Following decades of legal challenges by community and civil rights leaders in Oklahoma, such as Clara Luper and James O. Goodwin, esquire (Publisher, The Oklahoma Eagle), Oklahoma school districts and local governing authorities reluctantly integrated schools and dismantled taxing models to support the legacy ‘separate schools’ model.
Since 1965, ESEA has been modified and reauthorized by the U.S. Congress several times, to address specific considerations of bilingual education (Bilingual Education Act) and discrimination against students and educators (Equal Educational Opportunities Act of 1974).
Concerns regarding America’s ability to compete globally gave rise to calls for additional education reforms and accountability. A Nation at Risk: The Imperative for Educational Reform (1983), a U.S. President Ronald Reagan era report that emphasized potential risks to economic security should the country not address education shortfalls, compelled U.S. legislators to further revise the ESEA. National standards-based education, reforms with a core focus on measuring K-12 student’s proficiency in specific disciplines, became the source for what is now believed to be an objective tool for parents and administrators to determine a school’s performance.
The No Child Left Behind Act of 2001 (NCLB) served as the foundation upon which standards-based education would evolve, with a key emphasis on provisions applicable to disadvantaged students. NCLB faced myriad criticisms throughout the 13 years of its application, primarily the lack of federal funding invested to realize the legislators’ goals and a state’s ability to secure waivers from various requirements.
Other federal education standards initiatives, such as Common Core, have been met by the state GOP’s populist conservatives, who herald the virtues of individualism and accountability, but quietly gave way to funding that the state so desperately requires.
Today, the Every Student Succeeds Act (ESSA) serves as the federal law that governs K-12 education. According to OKPolicy.org, “ESSA largely rolls back the authority of the federal government in education policy. It prohibits the federal government from requiring any specific academic standards or intervention methods. The Act also removes the “highly qualified teacher” provision, and prohibits the federal government from requiring states to have a teacher evaluation system.”
The perceived ‘NCLB light’ standard was embraced by Walter’s predecessor, former State Superintendent of Public Instruction Joy Hofmeister. She noted that “states will now be able to determine the most appropriate, research-based plan to address school improvement and student support for Oklahoma students…This is different from the old ‘one-size-fits-all’ approach of No Child Left Behind.”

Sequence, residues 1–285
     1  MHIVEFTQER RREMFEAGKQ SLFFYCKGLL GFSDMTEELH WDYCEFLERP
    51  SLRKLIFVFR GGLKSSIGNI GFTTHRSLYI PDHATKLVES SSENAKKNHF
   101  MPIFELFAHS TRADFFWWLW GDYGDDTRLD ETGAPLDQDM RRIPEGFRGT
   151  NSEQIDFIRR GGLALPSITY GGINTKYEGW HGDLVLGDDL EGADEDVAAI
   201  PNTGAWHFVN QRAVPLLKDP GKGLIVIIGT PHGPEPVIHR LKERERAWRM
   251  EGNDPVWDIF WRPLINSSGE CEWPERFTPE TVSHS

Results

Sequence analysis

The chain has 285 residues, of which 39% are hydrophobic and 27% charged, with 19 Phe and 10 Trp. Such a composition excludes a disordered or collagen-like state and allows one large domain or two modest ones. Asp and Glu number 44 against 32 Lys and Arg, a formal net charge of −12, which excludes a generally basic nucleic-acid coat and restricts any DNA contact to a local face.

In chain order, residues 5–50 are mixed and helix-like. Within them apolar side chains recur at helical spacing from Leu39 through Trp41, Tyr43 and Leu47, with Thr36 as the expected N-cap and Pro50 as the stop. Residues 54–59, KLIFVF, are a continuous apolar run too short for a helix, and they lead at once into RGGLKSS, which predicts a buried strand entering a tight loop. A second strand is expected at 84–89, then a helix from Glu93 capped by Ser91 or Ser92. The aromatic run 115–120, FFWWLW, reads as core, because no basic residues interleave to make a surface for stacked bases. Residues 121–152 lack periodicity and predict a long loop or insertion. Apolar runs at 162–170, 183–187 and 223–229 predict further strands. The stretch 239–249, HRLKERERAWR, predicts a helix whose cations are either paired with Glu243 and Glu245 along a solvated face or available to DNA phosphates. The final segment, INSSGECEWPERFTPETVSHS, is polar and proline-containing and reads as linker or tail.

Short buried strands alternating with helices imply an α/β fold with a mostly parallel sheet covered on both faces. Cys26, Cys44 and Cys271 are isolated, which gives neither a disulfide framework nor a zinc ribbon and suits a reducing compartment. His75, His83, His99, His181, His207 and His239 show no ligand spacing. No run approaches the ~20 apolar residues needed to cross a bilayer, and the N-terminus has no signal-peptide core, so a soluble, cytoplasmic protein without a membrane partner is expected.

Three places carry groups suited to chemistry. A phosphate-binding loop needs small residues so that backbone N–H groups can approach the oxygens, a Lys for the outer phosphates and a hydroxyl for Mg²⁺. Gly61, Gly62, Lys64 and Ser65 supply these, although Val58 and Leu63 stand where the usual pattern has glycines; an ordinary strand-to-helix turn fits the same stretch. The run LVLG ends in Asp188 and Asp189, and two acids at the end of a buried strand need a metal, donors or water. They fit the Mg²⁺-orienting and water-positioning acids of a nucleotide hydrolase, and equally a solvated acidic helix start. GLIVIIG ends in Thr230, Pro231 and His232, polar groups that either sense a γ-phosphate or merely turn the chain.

State school districts seldom engage residents in a manner to ensure that they are fully informed about the potential consequences of school takeovers. Instead, legislators and state agency officials, similar to Oklahoma, rely upon heated rhetoric and personal attacks to compel residents to support their positions.
The Oklahoma State Board of Education’s website homepage, as of this publishing date, reveals no mention of a potential takeover or the scope of what the state is considering.
Walters, in no productive service to Oklahomans, has only offered broad and seemingly empty proclamations. During the Jul. 27 monthly OSBE meeting he noted that “We are looking at all possible actions with this district to ensure that all state laws or rules are being upheld by that district in a way that benefits those kids,” NonDoc reported.
In ‘State Takeovers: No Silver Bullet for School District Improvement,’ Dr. Beth Schueler, an assistant professor of education & public policy at the University of Virginia, builds upon the work of Kenneth Wong and Francis Shen who examined the impact of school district takeovers prior to NCLB. Schueler’s work, informed by applied federal accountability standards, tracked all 114 state takeovers that had occurred since the earliest cases in the late 1980s through 2016.
Most states have experienced some measure of state school board takeovers. Throughout all regions of the country, 23 states have wrested authority from local school boards.
Lower academic performance is a common metric related to takeovers, however, this point of concern is of lessor significance for school district takeovers that serve a greater share of Black students. Schueler found that state intervention of majority white school districts was compelled by academic performance, while majority Black school district takeovers where not predicated on similar performance standards.
Drawing a direct comparison of test scores was possible by focusing on a subset of the 114 state takeovers. Schueler identified a group of 35 takeovers that occurred between 2011 and 2016 nationally, concluding that overall, no evidence existed that state takeovers improved academic achievement.
The states’ approach to takeover, highlighted in the report, is varied. In the case of the New Orleans, La. public school system takeover by Orleans Parish-Recovery School District (RSD), by all objective measures schools were failing. Douglas Harris of Tulane University and Matthew Larsen of Lafayette College, perhaps the most high-profile researchers that have documented the RSD takeover, New Orleans “was the second-worst performing district in one of the worst-performing states.”
Louisiana’s National Assessment of Educational Progress (NAEP) score during the early part of century was regarded as the worst in the nation, with the state earning a last place ranking in 4th and 8th grade math, and ranking near the bottom in reading at both grade levels ranking.